Born to Fly Natalia Primakova reviews "The Birds of Paradise"

in 30th Moscow International Film Festival

by Home

The 30th Moscow International Film Festival featured a classic of Soviet cinema. Roman Balayan’s The Birds of Paradise (Rayskie ptitsy) represented the Ukraine, and is the most expensive production in that nation’s history. The Ukrainian government decided to finance the project after a tender solicited by the Ministry of Culture.

During the Soviet era, Roman Balayan was one of the few directors who could make films only for the good of the soul. And this was despite the fact that Balayan was absolutely against participating in the Soviet system; he was never a member of the Communist party, and never produced any propaganda for Party functionaries.

In the 1970s, Balayan declared his independence with each new film — once in his selection of a script, and a second time by actually shooting it. This became his credo, as demonstrated in such films as Lone Wolf (Biryuk), Flights in Dreams and in Reality (Polyoty vo sne i nayavu), Guard Me, My Talisman (Khrani menya, moy talisman), The Spy (Filyor) and Two Moons, Three Suns (Dve luny, tri solntsa). These films weren’t empty entertainments; they were the work of a philosopher and excellent storyteller.

In The Birds of Paradise, Balayan replicates the style of Soviet films of the late 1970s and early 1980s. This stagnant socialist style, originally intended to intimidate its audience into cringing and compromising, is used here for an absolutely frank address. And to physically express his metaphor of talent, the director applies a rather trite device — he gives his heroes the ability to fly.

From a technical point of view, Balayan’s flights are a success: The film conveys the illusion of soaring freely through the air, as in the paintings of Mark Chagall (which are also featured in the film). But where Chagall’s flying characters fit perfectly into the painter’s world, Balayan’s heroes live in the Soviet reality of the early 1980s, which doesn’t agree with them in any way.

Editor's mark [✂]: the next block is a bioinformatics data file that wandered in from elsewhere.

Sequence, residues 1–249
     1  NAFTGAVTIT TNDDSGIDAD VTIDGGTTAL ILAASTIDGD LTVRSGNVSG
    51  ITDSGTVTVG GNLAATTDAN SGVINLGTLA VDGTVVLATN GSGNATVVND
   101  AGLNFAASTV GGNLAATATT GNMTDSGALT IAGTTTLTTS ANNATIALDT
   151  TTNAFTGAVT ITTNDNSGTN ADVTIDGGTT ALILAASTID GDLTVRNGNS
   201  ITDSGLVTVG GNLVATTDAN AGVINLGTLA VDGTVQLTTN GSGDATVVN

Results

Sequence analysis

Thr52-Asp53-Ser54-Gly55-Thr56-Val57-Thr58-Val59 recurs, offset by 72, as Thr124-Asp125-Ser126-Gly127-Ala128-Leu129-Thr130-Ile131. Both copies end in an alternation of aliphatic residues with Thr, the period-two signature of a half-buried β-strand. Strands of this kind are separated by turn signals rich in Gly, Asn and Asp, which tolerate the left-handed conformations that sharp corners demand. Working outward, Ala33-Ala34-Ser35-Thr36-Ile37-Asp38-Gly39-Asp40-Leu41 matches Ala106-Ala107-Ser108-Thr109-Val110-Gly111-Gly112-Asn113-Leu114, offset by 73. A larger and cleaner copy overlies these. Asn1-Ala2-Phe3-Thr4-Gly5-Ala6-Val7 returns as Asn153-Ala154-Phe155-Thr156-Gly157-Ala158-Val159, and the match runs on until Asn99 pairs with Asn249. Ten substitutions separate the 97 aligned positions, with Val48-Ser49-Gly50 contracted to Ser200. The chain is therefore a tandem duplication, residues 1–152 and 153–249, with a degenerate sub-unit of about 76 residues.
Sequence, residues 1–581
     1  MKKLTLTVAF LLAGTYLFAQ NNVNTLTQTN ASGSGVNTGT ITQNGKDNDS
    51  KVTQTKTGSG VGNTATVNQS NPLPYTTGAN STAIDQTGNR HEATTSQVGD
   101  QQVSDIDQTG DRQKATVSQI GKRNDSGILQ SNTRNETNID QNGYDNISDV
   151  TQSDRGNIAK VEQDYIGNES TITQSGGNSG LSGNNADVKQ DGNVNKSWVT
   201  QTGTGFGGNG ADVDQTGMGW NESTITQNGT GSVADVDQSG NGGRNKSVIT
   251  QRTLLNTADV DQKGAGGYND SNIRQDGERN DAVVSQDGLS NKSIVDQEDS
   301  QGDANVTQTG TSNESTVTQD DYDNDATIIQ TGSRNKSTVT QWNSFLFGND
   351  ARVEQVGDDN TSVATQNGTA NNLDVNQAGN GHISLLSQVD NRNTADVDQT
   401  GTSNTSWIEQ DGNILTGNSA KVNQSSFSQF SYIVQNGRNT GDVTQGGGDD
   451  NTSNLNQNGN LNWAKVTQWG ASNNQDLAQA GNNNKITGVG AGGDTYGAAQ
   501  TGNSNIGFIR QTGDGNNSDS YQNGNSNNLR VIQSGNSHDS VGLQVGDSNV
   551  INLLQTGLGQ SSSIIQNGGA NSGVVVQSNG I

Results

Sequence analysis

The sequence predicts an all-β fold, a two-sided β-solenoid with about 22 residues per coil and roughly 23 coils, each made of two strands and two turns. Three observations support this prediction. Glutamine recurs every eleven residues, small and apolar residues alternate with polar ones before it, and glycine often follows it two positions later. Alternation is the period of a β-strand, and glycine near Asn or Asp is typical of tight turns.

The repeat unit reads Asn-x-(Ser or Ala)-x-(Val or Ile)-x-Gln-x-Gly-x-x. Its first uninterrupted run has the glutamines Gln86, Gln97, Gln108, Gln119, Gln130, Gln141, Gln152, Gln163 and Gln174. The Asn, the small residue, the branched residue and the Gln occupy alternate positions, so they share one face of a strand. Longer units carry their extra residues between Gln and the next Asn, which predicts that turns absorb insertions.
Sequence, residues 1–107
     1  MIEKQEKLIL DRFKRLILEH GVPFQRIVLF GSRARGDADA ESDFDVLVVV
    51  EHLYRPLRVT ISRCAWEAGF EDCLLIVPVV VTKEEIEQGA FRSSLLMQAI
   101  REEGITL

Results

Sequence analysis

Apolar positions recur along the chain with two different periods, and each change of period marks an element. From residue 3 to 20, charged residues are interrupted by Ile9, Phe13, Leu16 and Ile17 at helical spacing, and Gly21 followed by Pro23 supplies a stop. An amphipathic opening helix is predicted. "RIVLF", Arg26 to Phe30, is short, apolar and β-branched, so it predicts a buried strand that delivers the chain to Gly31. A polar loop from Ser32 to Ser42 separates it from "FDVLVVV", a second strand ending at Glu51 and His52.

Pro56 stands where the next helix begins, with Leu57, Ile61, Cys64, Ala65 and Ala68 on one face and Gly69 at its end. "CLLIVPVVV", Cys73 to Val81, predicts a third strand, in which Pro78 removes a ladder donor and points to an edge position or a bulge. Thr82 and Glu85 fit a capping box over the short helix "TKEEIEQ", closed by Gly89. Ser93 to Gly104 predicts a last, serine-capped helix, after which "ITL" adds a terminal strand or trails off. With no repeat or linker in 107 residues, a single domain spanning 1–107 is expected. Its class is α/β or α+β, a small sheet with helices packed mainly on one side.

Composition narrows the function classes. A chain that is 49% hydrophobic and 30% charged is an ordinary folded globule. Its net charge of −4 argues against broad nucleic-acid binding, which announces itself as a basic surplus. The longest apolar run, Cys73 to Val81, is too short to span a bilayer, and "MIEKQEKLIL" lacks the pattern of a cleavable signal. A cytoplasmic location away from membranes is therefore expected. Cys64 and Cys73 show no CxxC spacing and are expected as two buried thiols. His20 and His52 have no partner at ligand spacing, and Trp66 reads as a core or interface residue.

The initial tragedy of the story is the fact that the winged create for the wingless: They are capable of teaching to fly only those chosen whose talents haven’t yet been discovered. The young writer Boris Bezborodko (Andrei Kuzichev) makes the acquaintance of an aged dissident Nikolai Petrovich (Oleg Yankovsky) and his young beloved Katenka (Oksana Akinshina). Nikolai and Katenka are going to emigrate to France, flying over the border like birds. But first the older man promises to teach his young friend to fly.

It turns out that, unlike his gift for the written word, Boris doesn’t have any innate abilities of levitation: Katenka teaches him to fly. But the KGB interferes. The flying heroes annoy the ordinary — those who are “born to crawl” — triggering their outrage and hatred. They imprison Nikolai again, as Boris and Katenka hastily fly towards Paris…

Balayan depicts the exciting chase for his birds of paradise, who manage fly to the warm lands of France. But once they attain their physical liberty, they lose their inner freedom. They can no longer fly.

The script, by Rustam Ibragimbekov — an old colleague of Balayan’s, having collaborated on Guard Me, My Talisman, The Spy, and The Night is Bright (Noch Svetla) — is based on a story by the Russian emigrant writer Dmitry Savitsky, “Waltz for K”. Adapting the text for the screen, Ibragimbekov’s intent is to remind the audience of the difficulties of intellectual life in the Soviet era, about pursuit and censorship. But the director has made quite another story. The Birds of Paradise is his nostalgic requiem for the Stagnation Era, and not just in its visual style.

It’s likely that the censorship of the time inspired Balayan more than the present day’s freedom of speech and thought. The lack of resistance — the absence of the walls he used to break — have left the director deadlocked. He has nothing to overcome, nothing to seek. The idea that the constant cat-and-mouse game with government monitors can create a fecund environment for intellectual life appears every now and then. With this oppression — in a way not possible in nominally democratic countries — comes extraordinary internal liberty. Including, perhaps, the ability to fly.